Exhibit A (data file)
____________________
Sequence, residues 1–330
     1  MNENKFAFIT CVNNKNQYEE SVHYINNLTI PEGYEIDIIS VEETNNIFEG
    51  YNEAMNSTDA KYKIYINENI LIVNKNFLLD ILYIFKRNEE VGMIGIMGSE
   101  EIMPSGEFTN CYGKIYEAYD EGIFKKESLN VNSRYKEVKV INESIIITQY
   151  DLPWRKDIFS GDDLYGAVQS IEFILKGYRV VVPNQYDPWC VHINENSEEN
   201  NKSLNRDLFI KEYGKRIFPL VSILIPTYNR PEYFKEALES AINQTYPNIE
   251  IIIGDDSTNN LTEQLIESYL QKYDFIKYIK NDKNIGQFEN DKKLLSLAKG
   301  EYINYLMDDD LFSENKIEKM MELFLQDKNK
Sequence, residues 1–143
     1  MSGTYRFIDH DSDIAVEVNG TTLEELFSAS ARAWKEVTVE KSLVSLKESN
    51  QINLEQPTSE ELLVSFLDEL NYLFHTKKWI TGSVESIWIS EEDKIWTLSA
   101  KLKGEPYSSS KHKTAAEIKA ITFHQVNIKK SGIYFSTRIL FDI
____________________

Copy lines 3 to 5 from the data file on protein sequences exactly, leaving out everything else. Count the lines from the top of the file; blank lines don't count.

    51  YNEAMNSTDA KYKIYINENI LIVNKNFLLD ILYIFKRNEE VGMIGIMGSE
   101  EIMPSGEFTN CYGKIYEAYD EGIFKKESLN VNSRYKEVKV INESIIITQY
   151  DLPWRKDIFS GDDLYGAVQS IEFILKGYRV VVPNQYDPWC VHINENSEEN